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WIP: Student and Faculty Perceptions of Rotating Faculty Facilitators for Introductory Biomedical Engineering Problem-based Learning

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Conference

2020 ASEE Virtual Annual Conference Content Access

Location

Virtual On line

Publication Date

June 22, 2020

Start Date

June 22, 2020

End Date

June 26, 2021

Conference Session

Intro to Biomedical Engineering and Vertically Integrated Curriculum (Works in Progress) - June 23rd

Tagged Division

Biomedical Engineering

Tagged Topic

Diversity

Page Count

10

DOI

10.18260/1-2--35569

Permanent URL

https://peer.asee.org/35569

Download Count

87

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Paper Authors

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Sara L. Arena Virginia Polytechnic Institute and State University

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Sara L. Arena is a Collegiate Assistant Professor of Biomedical Engineering and Mechanics (BEAM) at Virginia Tech (VT), where she has been teaching since 2017. Prior to this position, Sara was an Assistant Professor of Exercise Science at High Point University (2013-2017). The BEAM Department at Virginia Tech offers two undergraduate programs: (1) Engineering Science and Mechanics and (2) Biomedical Engineering. Sara teaches foundational courses and upper-level technical electives in biomechanics of human movement for both programs. In her current role, Sara has developed an interest in scholarship of teaching and learning, specifically related to the use of groups towards improving student achievement and attainment of learning outcomes. This includes cooperative, collaborative learning, and problem-based learning in foundational courses within both programs. Sara also continues to be active in research related to biomechanics of human movement.

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Melissa C. Kenny Wake Forest University Orcid 16x16 orcid.org/0000-0002-6824-9377

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Dr. Melissa C Kenny is an assistant teaching professor in the department of Engineering at Wake Forest University.

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Andre Albert Muelenaer Virginia Polytechnic Institute and State University

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Yong Woo Lee Virginia Polytechnic Institute and State University

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Associate Professor
Department of Biomedical Engineering and Mechanics
College of Engineering
Virginia Tech, Blacksburg, VA 24061

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Pamela Jean VandeVord Virginia Polytechnic Institute and State University Orcid 16x16 orcid.org/0000-0003-3422-2704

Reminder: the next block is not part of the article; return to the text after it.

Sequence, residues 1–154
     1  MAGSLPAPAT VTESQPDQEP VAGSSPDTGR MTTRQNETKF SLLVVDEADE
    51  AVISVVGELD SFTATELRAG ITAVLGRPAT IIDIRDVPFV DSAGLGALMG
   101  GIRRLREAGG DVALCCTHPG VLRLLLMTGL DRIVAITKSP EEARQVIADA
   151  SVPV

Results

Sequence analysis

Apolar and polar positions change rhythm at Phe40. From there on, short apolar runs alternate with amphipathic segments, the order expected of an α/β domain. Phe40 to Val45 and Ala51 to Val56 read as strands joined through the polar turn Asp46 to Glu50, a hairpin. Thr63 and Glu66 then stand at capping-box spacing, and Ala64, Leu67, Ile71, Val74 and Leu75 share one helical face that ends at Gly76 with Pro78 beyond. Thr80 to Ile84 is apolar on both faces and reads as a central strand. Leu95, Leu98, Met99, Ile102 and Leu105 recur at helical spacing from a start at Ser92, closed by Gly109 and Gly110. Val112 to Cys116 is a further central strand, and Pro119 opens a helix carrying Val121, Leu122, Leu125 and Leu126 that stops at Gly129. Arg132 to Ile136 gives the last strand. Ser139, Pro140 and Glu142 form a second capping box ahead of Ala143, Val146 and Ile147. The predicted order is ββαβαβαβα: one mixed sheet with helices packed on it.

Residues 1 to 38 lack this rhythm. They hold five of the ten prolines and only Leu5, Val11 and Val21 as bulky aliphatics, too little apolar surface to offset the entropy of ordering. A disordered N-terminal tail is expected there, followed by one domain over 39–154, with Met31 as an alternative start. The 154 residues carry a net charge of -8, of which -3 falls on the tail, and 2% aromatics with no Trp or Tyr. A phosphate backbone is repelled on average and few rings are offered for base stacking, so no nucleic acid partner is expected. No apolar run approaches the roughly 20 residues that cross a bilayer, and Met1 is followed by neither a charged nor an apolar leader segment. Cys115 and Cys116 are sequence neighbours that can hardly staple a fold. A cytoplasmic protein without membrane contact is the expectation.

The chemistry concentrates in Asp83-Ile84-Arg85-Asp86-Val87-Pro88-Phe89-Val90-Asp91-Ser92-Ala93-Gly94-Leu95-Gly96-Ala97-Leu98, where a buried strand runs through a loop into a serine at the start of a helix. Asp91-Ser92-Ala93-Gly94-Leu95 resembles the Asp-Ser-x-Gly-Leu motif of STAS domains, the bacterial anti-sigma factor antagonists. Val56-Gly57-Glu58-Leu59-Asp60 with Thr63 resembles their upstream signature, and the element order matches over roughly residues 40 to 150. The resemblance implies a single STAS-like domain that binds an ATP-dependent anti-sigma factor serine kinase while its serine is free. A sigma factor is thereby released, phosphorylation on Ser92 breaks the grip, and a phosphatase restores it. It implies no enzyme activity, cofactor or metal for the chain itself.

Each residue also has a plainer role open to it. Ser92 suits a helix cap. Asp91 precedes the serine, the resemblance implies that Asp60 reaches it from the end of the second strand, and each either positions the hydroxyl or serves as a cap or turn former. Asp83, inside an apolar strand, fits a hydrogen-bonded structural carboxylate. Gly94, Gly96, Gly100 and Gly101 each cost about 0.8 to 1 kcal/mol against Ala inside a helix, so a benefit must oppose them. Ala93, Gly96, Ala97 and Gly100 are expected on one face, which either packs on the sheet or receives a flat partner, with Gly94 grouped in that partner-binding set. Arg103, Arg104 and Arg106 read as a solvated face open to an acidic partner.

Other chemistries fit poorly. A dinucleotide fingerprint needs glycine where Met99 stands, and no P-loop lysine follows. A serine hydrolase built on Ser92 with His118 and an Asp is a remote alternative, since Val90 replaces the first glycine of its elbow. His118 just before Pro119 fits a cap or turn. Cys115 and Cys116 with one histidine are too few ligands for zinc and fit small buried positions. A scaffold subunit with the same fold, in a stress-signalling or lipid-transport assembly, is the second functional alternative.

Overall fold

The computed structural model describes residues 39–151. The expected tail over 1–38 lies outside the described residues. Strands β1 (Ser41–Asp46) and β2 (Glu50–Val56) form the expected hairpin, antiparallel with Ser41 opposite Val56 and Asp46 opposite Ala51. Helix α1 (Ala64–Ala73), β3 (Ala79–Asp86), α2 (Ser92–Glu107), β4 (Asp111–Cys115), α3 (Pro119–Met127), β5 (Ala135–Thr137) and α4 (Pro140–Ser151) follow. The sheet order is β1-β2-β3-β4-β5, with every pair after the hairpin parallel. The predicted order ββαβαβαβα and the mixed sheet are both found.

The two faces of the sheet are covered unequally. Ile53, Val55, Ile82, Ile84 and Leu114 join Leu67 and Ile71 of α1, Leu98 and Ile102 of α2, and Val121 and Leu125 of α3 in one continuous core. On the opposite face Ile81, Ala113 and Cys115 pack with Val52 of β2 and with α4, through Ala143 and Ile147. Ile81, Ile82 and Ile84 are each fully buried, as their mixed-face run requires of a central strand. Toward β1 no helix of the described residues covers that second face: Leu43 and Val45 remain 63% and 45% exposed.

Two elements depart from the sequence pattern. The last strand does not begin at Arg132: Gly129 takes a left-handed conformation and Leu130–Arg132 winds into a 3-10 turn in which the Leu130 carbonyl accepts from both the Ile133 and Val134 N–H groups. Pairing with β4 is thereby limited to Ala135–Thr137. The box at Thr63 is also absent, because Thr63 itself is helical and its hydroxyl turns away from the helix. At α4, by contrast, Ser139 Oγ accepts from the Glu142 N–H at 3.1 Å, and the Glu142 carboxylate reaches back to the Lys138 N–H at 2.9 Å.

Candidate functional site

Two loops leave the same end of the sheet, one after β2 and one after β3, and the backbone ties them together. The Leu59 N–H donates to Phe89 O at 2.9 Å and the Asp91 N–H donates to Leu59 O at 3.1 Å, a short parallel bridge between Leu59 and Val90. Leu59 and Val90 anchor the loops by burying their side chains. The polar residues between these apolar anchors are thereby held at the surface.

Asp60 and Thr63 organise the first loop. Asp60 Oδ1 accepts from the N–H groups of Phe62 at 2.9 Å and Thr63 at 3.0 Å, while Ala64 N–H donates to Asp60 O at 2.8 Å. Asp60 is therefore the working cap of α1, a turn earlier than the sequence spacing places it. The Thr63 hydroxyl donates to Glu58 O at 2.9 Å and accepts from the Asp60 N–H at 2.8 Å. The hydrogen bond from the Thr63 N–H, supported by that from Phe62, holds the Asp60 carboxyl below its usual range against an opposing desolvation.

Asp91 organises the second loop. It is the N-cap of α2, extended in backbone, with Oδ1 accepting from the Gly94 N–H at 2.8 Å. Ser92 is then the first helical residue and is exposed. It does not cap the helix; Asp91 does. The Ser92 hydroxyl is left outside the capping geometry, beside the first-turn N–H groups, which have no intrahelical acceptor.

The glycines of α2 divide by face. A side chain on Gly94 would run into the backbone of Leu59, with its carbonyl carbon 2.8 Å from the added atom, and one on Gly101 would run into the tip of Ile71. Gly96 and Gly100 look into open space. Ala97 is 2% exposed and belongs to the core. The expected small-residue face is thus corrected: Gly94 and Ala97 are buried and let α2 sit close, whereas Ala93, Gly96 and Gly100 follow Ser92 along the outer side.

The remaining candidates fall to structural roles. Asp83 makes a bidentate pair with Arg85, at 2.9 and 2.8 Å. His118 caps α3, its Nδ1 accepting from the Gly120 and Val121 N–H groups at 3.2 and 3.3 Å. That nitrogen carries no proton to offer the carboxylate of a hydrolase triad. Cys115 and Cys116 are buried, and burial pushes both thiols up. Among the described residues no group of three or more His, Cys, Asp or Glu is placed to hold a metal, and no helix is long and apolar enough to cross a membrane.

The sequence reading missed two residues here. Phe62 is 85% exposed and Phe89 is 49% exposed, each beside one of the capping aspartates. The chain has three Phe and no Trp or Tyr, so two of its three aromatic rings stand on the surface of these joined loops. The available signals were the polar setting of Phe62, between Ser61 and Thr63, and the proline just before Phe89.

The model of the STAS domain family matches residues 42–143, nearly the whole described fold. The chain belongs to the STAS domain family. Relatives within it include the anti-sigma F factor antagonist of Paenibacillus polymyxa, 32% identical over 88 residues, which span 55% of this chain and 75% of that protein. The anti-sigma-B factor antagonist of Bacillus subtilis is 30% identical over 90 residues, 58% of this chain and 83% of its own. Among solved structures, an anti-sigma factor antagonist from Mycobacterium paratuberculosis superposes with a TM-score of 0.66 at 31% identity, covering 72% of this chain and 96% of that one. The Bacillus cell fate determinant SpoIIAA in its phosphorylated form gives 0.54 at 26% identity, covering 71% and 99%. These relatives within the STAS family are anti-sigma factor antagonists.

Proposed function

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Christopher Arena Virginia Polytechnic Institute and State University

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Chris is a Collegiate Assistant Professor at Virginia Tech in the Biomedical Engineering and Mechanics Department. He teaches senior design and quantitative physiology. Additionally, he is co-founder of VoltMed, a company dedicated to treating brain tumors with pulsed electric fields. Chris received his B.S. degree from the University of Virginia and Ph.D. degree from Virginia Tech, both in Biomedical Engineering. His research interests consist of therapeutic and diagnostic applications of directed energy, including electric fields and ultrasound.

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Abstract

Problem based learning (PBL) has been shown to be an effective teaching strategy, particularly for interdisciplinary fields such as biomedical engineering (BME). Due to the broad range of problems and disciplines within the biomedical field, it is desirable to develop and enhance problem-solving and teamwork skills early in undergraduate education. However, PBL requires a broad range of expertise and significant time investment for facilitation and feedback. These are difficult criteria to meet with small instructional teams and large introductory student enrollments. Therefore, we propose using rotating faculty facilitators to address these challenges. A preliminary execution of this strategy in an introductory BME course utilized 25 faculty and 8 graduate students from the Department of Biomedical Engineering, College of Veterinary Medicine, and School of Medicine in a rotating facilitation schedule in addition to 2 full-time instructors and 1 graduate teaching assistant dedicated to course instruction. 98 students who are in a BME minor program were organized into 18 transdisciplinary teams and presented with three open-ended BME problems. These problems included assessing the validity and reliability of wearable health devices, benchmarking and recommending glioblastoma treatment for investment, and modeling and designing experimental studies towards development of pediatric medical devices. Currently, we aim to examine student and faculty perceptions of learning, problem-solving, and teamwork skills with the use of rotating facilitators within an introductory BME course. We will also aim to examine the influence of student population (BME major versus BME minor) on these perceptions.

Arena, S. L., & Kenny, M. C., & Muelenaer, A. A., & Lee, Y. W., & VandeVord, P. J., & Arena, C. (2020, June), WIP: Student and Faculty Perceptions of Rotating Faculty Facilitators for Introductory Biomedical Engineering Problem-based Learning Paper presented at 2020 ASEE Virtual Annual Conference Content Access, Virtual On line . 10.18260/1-2--35569

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